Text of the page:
The Question of Identity is First a Question of Authority

Ferdinand Demara was born in 1921 in Massachusetts. He left home at 16 to become a monk before joining the US Army in 1941. He then assumed the name of one of his fellow soldiers, deserted the army, became a monk again, then joined the Navy. Then he faked his suicide and assumed another name and became a psychology teacher. He was caught and served prison time for his desertion, but then took the name of a young doctor he had gotten to know.

As Dr. Joseph Cyr, he was a surgeon on a Canadian battleship during the Korean War. When 16 combat casualties were brought to the ship, he speed read some medical textbooks and operated successfully on all of them. But then the mother of the real Dr. Cyr read about what happened in a newspaper and reported the imposter. The Canadian Navy did not press charges, and Demara returned to the US where he worked in various jobs under various aliases including working as a hospital chaplain. Even though he was found out, he was allowed to stay on because he was so popular with the patients and staff. In fact, he administered last rites to Steve McQueen in 1980.

Now there’s a guy who would be fascinating to have a conversation with. Imagine that for a second – sitting down with Ferdinand Demara. What would your first question be? How about this one – “So who are you?” Or perhaps you might rephrase the question: “Who are you… today?”

The question is one of identity, and you would think it would be an easy one to answer unless you’re a person like this. And yet this question – the question of identity – is an increasingly relevant one. Nationalism. Privilege. Ancestry. Gender. Politicism. All these cultural discussions have an element of identity at their core. Now, like never before, we seem to be asking that question not just about others, but about ourselves. “Who am I?” we ask. “To what do I belong?”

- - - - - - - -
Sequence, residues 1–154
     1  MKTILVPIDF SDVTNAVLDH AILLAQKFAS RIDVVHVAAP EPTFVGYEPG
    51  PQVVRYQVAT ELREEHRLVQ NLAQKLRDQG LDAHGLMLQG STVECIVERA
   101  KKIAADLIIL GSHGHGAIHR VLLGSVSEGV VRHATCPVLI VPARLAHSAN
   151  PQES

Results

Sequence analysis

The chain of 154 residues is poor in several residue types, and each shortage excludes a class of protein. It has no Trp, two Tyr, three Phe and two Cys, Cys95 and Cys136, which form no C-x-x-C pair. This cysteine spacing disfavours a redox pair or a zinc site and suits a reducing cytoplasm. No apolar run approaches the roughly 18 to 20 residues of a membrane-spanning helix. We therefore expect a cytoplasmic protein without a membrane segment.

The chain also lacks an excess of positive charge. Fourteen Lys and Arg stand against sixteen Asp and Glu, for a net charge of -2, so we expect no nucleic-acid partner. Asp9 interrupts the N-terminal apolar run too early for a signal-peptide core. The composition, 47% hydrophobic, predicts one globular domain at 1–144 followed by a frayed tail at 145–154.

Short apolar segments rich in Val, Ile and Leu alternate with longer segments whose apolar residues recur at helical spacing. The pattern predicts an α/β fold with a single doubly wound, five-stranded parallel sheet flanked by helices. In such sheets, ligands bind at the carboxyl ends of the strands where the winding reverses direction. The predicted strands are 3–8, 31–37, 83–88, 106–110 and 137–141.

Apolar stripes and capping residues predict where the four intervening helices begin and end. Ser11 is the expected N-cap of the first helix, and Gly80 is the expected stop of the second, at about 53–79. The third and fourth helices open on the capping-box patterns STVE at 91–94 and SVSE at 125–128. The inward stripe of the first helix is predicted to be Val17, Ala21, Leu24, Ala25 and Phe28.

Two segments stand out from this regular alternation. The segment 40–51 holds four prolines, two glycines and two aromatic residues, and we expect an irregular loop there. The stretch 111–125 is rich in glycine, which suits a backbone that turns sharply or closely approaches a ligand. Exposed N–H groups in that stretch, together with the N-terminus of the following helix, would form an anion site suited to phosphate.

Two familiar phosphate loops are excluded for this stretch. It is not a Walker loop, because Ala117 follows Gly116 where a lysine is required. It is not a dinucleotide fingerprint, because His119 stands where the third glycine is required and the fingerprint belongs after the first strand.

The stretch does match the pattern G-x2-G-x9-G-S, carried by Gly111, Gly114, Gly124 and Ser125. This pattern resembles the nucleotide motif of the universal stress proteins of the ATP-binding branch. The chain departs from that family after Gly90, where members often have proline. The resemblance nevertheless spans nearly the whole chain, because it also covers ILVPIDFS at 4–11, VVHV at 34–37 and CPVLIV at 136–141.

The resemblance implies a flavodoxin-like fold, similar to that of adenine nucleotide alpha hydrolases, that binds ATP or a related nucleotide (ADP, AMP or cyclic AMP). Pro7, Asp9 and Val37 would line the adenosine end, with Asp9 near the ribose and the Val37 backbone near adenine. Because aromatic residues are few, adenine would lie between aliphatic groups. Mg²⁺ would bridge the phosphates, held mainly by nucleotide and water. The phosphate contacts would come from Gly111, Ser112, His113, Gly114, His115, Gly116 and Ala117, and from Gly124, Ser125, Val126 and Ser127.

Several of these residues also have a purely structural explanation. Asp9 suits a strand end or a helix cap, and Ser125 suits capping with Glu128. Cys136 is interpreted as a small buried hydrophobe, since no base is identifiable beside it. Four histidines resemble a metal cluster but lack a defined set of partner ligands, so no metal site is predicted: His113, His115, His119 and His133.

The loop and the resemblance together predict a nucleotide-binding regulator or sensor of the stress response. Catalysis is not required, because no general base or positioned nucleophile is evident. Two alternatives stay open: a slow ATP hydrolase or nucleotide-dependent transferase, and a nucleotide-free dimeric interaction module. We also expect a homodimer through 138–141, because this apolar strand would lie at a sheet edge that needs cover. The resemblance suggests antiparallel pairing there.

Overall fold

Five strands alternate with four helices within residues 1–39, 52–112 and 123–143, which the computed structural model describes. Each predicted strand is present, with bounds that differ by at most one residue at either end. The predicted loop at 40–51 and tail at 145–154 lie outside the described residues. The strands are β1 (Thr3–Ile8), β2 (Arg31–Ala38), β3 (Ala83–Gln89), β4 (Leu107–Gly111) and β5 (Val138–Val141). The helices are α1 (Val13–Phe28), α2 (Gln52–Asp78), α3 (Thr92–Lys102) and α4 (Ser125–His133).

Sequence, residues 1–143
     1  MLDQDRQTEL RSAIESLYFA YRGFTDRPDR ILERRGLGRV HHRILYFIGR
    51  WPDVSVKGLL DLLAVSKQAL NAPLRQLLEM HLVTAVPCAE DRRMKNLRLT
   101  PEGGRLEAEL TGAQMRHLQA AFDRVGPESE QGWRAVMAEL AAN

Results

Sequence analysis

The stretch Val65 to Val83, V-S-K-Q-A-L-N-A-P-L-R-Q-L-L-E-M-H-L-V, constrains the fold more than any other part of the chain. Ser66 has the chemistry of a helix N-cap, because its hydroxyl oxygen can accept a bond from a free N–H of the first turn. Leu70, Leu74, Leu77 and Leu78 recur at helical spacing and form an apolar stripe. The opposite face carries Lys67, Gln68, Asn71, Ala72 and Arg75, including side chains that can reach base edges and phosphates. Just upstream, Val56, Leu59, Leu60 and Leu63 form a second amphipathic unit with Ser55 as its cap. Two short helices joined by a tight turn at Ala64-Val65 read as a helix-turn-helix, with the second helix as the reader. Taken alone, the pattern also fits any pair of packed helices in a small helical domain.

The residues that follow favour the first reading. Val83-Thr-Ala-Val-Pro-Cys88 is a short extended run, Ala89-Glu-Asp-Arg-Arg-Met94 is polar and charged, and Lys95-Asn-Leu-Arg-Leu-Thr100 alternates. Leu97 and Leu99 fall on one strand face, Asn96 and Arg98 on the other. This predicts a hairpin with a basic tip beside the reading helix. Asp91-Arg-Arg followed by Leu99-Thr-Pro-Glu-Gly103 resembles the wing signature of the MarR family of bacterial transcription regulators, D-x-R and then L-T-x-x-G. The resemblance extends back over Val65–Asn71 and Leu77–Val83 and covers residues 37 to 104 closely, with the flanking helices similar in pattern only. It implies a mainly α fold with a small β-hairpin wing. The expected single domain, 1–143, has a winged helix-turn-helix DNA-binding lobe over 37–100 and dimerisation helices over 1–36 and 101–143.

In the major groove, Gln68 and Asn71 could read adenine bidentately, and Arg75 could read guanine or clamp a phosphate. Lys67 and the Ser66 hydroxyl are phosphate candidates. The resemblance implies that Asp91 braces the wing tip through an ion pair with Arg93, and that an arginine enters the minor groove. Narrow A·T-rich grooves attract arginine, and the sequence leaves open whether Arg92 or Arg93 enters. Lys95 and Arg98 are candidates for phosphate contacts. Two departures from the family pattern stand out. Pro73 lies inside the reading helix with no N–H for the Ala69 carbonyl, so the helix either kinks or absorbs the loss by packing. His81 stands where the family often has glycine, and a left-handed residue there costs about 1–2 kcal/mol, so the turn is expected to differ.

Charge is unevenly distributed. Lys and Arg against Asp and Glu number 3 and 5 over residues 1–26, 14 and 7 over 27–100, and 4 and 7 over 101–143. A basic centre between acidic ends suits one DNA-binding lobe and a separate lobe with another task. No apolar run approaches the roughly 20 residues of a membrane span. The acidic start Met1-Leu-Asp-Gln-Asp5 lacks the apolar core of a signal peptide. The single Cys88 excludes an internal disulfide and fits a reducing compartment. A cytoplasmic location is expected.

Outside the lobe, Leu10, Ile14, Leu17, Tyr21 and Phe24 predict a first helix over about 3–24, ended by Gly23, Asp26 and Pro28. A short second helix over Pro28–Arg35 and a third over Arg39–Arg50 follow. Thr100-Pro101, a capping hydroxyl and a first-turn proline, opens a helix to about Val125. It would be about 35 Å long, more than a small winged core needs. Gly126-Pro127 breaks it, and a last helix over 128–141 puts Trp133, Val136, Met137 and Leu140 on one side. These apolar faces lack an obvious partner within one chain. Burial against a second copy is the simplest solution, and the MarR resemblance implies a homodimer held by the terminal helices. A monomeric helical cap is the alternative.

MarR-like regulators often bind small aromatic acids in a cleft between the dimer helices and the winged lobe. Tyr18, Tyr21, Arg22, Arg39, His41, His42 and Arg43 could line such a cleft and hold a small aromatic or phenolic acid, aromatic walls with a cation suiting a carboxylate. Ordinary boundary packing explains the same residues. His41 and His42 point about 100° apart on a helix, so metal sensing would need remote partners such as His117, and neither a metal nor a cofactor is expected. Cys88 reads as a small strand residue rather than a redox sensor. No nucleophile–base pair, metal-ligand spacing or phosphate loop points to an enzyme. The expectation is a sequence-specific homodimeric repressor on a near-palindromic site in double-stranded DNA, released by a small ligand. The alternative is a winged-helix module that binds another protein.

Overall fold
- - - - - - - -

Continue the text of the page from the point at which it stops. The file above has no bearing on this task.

But you see, there is actually another question – a much older question – that not only is part of this discussion of identity. This question actually lays the groundwork for identity. And that is the question of authority.

Identity begins with authority. If we want to have the answer of identity, then we must first grapple with the question of authority. While the question of identity seeks to answer, “Who am I?” the question of authority seeks to answer who can even give the answer of identity.

Here, then is the real question that lies at the heart of the identity question: Are we going to choose to be self-determining beings, or are we going to acknowledge the rule of God?

If we choose to be self-determining, then the question of identity becomes really fluid. Who do you want to be today? Do you want to be male or female? Do you want to be moral or immoral? Do you want to faithful or not faithful?

But if we accept the rule and reign of God, then our primary question about identity changes. No longer are we asking, “Who do I think I am?” or “Who do I feel like I am?” or even “Who do I wish I am?” Instead, our primary question, rooted in the authority of God, becomes “Who does God say that I am?”

So the question becomes for us not who do we feel like we are; but who does Jesus declare us to be. Identity is not a matter of feeling or even of choice; identity is a matter of declaration. And in the gospel, we find the answer. We find the gospel truth that we once were dead in our sin. Not a people. Separated from God. But not any more.

God has declared that we are now, in Christ, His sons and daughters. Co-heirs with Christ. His chosen people. This is who we are, regardless of how we look, how we feel, or what our social status is. It is who we are because God has declared and made it so. In His authority, we find the answer to the question of identity.

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